Day 367 / Ranch – Machachi, Ecuador / 15 miles (Total 8740)
I listened to the lyrics of the band Fugazi as my day was slowly heading into a downward spiral. “I’m going to fight – for what I want to be”, those lyrics rang in my head, over and over. My demon’s were taking over, insecurity pierced through my aching body. Today was a make or break day for me. I needed to push on and make it to Machachi before I slumped down to the ground. Today, I had to fight for what I wanted.
Cotopaxi is the second highest summit in the country reaching 19,347 ft.With 86 known eruptions, Cotopaxi is one of Ecuador’s most active volcanoes.
I slept for almost 10 hours straight, very rare for me. By 7:30 the sun was beating on my tent, telling me it was time to wake up. I crawled out of my sleeping quarters and stood up with a loud groan. I felt my age this morning with a few years added to it. Yesterday did a number on me and today was going to be no different. There was not a cloud in the sky, so I peaked around the house for a great morning surprise.
Cotopaxi was in clear view this morning and that gave me the motivation to pack up quick. A perfect way to wake up.
I wanted to get a better view of Cotopaxi, but there is no going fast on this road. Each rock would rattle anything that was loose on my bike. This section of road would be considered smooth today. What was ahead of me is a different story.
The greater the view,the greater the challenge today. The large rocks became loose on the road and the pitch became steep. Every turn of the crank was effort, every turn of the handlebar was planned out to avoid large, sharp rocks.
Hours went by as I teeter-tottered from 10,000 ft to 11,000 ft. When I finally made it close to the summit the road smoothed out a bit. I could finally enjoy the view without having to concentrate on the road. I was smacked in the face with a breath-taking headwind after taking this corner. The wind stayed all day and made the riding even more difficult.
Trying to keep my mind off the road
I could have sat and watched this show all day. Clouds rolling in fast, then they would disappear in seconds. Everything felt perfect at this moment.
I sat at the summit for an hour. I was all alone with nothing but silence around me. This is why I love touring.
The only traffic today.
I felt as free as they did
One more with the Mother Trucker
Giving me the cold shoulder.
After my break at the summit I had the decision of riding south, or head west to the town of Machachi. I decided to go towards the city to get off the rough road. The thought of a smooth road only 8 miles away gave me a good feeling. I headed west and it may have been the worst decision I have made on this trip.
By noon the views were the only thing keeping me going. It’s amazing how much the mountain range has changed over the past week. This is how I pictured the Andes would be.
As I headed west the road turned into a nightmare and there was no turning back. There was nothing else around in any direction and Machachi was the closes town around. The rocks grew larger and loose, my speed slowed down to a crawl and I was starting to lose my patience and cool for the first time on this trip.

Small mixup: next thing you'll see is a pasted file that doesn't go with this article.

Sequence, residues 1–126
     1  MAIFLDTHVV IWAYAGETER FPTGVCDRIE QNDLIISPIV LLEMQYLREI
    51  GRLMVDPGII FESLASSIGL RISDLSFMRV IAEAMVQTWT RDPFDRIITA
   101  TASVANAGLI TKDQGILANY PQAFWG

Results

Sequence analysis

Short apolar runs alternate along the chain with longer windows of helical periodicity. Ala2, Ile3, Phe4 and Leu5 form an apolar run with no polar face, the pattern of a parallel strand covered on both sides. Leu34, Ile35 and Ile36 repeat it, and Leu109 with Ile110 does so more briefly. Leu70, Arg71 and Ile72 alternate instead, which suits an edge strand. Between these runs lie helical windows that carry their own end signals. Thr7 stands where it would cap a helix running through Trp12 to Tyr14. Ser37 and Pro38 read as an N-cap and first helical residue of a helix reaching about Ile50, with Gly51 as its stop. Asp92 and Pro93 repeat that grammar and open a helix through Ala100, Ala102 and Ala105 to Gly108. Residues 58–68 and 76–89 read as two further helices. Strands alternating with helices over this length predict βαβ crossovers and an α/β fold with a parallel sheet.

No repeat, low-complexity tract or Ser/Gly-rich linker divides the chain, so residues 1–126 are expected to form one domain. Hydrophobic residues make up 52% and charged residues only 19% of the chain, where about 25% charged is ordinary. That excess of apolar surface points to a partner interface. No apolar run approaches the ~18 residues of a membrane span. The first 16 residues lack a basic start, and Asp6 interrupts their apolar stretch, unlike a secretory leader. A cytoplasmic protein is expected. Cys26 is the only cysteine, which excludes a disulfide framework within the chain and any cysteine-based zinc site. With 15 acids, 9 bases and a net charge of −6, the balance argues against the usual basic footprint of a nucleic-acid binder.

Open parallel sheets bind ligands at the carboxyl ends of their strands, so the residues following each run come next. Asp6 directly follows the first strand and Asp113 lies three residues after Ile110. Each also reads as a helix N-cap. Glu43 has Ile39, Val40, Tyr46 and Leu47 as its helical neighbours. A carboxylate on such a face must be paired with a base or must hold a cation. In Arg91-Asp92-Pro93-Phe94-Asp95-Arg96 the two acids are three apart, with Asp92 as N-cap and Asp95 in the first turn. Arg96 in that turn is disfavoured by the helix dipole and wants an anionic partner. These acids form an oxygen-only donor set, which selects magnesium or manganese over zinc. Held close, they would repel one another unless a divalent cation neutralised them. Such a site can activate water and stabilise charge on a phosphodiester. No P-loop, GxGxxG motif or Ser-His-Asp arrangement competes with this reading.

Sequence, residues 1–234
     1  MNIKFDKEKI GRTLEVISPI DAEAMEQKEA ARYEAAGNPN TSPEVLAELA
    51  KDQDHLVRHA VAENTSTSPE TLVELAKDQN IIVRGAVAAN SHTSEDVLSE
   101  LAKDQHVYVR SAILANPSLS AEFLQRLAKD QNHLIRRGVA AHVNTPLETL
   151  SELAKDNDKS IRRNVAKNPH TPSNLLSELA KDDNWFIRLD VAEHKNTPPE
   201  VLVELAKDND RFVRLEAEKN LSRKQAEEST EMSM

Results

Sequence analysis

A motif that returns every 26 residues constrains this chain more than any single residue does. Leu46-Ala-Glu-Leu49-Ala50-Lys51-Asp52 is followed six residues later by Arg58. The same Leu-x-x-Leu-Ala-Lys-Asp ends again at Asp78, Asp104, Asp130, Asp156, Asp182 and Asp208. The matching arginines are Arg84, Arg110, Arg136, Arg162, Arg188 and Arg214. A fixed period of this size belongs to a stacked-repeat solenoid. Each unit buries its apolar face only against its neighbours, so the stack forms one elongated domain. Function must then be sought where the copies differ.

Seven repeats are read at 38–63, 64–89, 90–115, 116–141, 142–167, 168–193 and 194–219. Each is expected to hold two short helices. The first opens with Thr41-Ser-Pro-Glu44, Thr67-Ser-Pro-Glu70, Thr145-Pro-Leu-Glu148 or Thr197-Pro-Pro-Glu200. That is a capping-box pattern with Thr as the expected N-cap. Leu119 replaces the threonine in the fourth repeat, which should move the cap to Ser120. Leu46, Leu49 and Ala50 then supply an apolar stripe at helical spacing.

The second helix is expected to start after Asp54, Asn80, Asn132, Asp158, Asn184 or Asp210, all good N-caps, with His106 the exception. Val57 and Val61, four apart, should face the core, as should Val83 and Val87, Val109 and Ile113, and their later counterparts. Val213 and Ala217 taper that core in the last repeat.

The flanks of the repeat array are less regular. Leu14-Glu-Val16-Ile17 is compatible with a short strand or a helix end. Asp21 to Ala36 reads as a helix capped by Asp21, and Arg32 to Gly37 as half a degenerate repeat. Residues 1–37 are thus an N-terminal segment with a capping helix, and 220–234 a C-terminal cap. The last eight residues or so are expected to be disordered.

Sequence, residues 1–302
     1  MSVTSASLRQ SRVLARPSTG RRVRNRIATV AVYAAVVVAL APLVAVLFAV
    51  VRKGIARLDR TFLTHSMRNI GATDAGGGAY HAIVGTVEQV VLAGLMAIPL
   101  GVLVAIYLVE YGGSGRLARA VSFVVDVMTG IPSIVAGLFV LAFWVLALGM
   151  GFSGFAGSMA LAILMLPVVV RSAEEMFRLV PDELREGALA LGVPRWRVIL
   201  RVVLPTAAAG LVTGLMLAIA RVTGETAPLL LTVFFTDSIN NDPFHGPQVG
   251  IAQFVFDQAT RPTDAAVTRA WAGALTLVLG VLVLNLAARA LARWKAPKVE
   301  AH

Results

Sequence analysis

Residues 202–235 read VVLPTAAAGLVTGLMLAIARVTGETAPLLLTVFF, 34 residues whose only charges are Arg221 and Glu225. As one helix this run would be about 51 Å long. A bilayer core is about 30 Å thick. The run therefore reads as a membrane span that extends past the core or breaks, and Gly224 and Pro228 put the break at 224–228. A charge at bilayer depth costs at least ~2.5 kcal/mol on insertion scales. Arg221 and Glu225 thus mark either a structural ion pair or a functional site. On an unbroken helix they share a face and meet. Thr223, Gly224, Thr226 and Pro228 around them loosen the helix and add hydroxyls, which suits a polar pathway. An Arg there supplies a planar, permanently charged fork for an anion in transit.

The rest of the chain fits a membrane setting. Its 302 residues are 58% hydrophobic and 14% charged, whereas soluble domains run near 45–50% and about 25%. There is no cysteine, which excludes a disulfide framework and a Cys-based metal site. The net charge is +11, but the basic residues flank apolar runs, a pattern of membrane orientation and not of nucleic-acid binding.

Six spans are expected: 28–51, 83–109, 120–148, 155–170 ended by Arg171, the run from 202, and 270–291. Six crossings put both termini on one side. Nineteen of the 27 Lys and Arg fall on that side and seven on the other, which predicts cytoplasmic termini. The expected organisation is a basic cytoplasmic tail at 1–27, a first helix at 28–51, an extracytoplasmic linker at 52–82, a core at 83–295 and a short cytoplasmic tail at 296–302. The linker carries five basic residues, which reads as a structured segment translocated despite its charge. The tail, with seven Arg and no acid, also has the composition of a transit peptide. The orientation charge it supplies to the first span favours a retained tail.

Collecting my thoughts here.
The road was so rough that it was almost impossible to pedal on. Add a few steep hills and I ended up pushing the bike up every hill in front of me. Two miles = one hour on the road. Just when I thought things couldn’t get worse, life decided to rain on my parade. The rain made the rocks slick and I was pushing my bike, even on the flats. When trying to push up a hill, I was loosing my traction and ended up dumping my bike a few times from fatigue. My bike fell on some sharp rocks and ripped my front saddlebag and put a nice gash in the sidewall of my front tire.
Hours of this
Back to pushing my bike up the step, wet hills. I had to push-off the large rock with each step for traction. This grew very tiring after hours of pushing the fully loaded bike. I was physically and mentally drained from the day. I have never wanted to give up so bad in my life. The thought of being home with family and friends overwhelmed my thoughts. My breath was short and rapid with the thinning oxygen. my mind was sloppy and my body had nothing more to give. There was no one around to talk to and I was alone at 10,000 ft. The rain came down hard making things worse. I saw Machachi far off in the distance and the next 3 miles was a steep, rough ride down. My rims were wet making it impossible to slow down and the thought of riding down the mountain was out of the question. I sat down to gather my thoughts. I asked myself, why am I doing this? And my answer was easy. To honor my father, to have an adventure of a life time, and to raise money for cancer research. That’s all I needed. Headphones on with one of my favorite bands, Fugazi. I listened closely to the lyrics and proceeded to walk the bike into the city. Hours went by and I finally got to the outskirt of town with a tired smile on my face.
Falling from fatigue, I ripped another hole in my pannier.
Today was a challenge like no other. Even through tough times, this is what I’m after. To see how hard I can push myself mentally and physically. To tell the story and raise money for cancer research. Today, I fought for what I wanted. And it felt great not giving up.
The end of the rough road. I jumped on my bike and enjoyed every pedal into town. I searched around town and found a cheap hostel. I laid down on the bed with my jacket and shoes still on. I was sleeping before I could even think of what I went through today.
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